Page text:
So far, there have been only 28 Wuhan virus deaths in Austria…
1. There is nothing strictly unethical about the Democrats attempting to use the current crisis to get some of their non-pandemic agenda items, like them or not, passed. That’s politics. They would be remiss if they didn’t try that. It will be unethical if their efforts materially interfere with the efforts to assist individual and business victims of the Wuhan virus, and if that is what they do, there is ample evidence to hang them, like this:
…if, that is, the facts are reported fairly. Speaker Pelosi’s House bill including such pork as support for the Kennedy Center For The Performing Arts is also a “smoking gun.”
2. Ethics Quote of the Week from Dr. Fauci: Continue reading
Baumann and “the dress.”
Rationalization #11, The King’s Pass or The Star Syndrome, is more than a rationalization. For America’s celebrities, star performers and elite athletes, the super-wealthy and the politically powerful, it is a way of life. From the description on the Rationalizations List: “Celebrities and powerful public figures come to depend on it. Their achievements, in their own minds and those of their supporters and fans, have earned them a more lenient ethical standard. This pass for bad behavior is as insidious as it is pervasive, and should be recognized and rejected whenever it raises its slimy head.”
Most of the time, however, the King’s Pass is not rejected, and as long as the miscreant involved hasn’t dared to wind up on the wrong side of a political divide, his or her fellow “kings” will make the biggest stink since the skunk factory exploded when one of the elite club is forced to tow the lines drawn for their inferiors.
Two weeks ago, Carolyn Baumann was forced to resign as the director of the Cooper Hewitt Smithsonian Design Museum in Manhattan after a government investigation found that she had engaged in conduct connected to her wedding that made inappropriate use of her position for personal benefit. The Smithsonian’s inspector general had looked into irregularities regarding the procurement of her wedding dress and the wedding space after a complaint was made by a museum staff member, and didn’t like what he found. Continue reading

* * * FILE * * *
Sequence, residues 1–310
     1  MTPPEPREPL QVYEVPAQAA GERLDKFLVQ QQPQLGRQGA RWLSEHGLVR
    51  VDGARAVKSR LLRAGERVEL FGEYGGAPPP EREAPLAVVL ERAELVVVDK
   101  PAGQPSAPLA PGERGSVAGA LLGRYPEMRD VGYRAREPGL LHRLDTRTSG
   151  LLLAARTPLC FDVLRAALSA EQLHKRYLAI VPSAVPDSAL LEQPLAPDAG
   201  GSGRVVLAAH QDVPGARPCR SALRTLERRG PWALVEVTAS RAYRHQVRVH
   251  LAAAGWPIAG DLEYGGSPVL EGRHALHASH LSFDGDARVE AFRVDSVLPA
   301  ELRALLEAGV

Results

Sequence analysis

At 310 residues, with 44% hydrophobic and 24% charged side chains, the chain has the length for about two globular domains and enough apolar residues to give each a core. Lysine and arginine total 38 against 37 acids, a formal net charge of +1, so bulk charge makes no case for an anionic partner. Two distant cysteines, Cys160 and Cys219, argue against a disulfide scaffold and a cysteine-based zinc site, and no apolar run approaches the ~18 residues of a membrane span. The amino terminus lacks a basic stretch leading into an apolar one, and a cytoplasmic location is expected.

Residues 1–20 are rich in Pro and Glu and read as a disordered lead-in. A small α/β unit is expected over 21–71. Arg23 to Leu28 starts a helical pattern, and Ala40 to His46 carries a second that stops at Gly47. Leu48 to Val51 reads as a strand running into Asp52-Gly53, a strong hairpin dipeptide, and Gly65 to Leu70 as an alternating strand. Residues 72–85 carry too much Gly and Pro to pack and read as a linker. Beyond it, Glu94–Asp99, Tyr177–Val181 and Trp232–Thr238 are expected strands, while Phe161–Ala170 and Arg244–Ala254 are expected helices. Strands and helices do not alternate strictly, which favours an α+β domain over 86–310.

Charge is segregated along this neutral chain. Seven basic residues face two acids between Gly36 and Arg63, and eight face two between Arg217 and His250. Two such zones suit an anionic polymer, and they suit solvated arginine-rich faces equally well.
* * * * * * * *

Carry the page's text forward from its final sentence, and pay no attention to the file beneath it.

It’s not exactly “Is We Getting Dummer?” the New York Times headline in the prescient science fiction novel, “IQ 83,” by Science fiction author Arthur Herzog in which a man-made virus begins reducing the intelligence of Americans to idiot levels, but its close enough to cause concern. The NBC News headline is “Cities weigh free public transit amid rising costs.” Wait. what? Public transit is getting too hard to pay for, so the solution being considered is to make it free?
I assumed that this was just another example of incompetent headline writing, but no: if anything, the headline makes more sense than the rest of the article, in which we learn that:
- Michelle Wu, a Democratic City Council member in Boston, says that because use of the crumbling public transportation infrastructure of the Massachusetts Bay Transportation Authority is dropping and rush-hour traffic is increasing, and the solution is to let everyone ride buses and subways for free.
The article doesn’t say Wu is a Democrat, and I didn’t bother to check. Trust me: she’s a Democrat.
- Desperately in need of money for repairs, local transit shouldn’t raise fates, but eliminate them, Wu and other progressives argue, because public transportation “is a human right, like health care and education.”
In “IQ 83,” Patient Zero is the brilliant scientist who goofed while trying to invent a cure for mental retardation. In the real ife case of Wu and others, Patient Zero is obviously Bernie Sanders.
- We are told, that “some experts warn that free rides wouldn’t solve the issues besetting many public transit systems, including crumbling infrastructure, infrequent and unreliable service, and routes that take workers nowhere near their jobs.”
Really? “Some” experts warn that? Boy, what spoil-sports. Debbie Downers, I’d call them. Continue reading
To get the day off to an inspirational start: in the video above, now going viral across the net and deservedly so, Dallas exotic dancer Genea Sky falls almost 15 feet from her pole, lands on her face, and keeps twerking until she leaves the stage for urgent medical attention. The fall, which occurred over the weekend, fractured the dancer’s jaw, which was operated on the next day, broke some teeth, teeth and sprained her ankle.
On the plus side, she provided a visual example of professionalism, dedication, and guts for the ages. Her diligence in continuing to dance even after the accident is a marvelous exhibition of character. A GoFundMe page set up to help pay her medical expenses has raised more than $20,000.
Good. Sky deserves it. She had a job to do, and by God, she was going to do it. Continue reading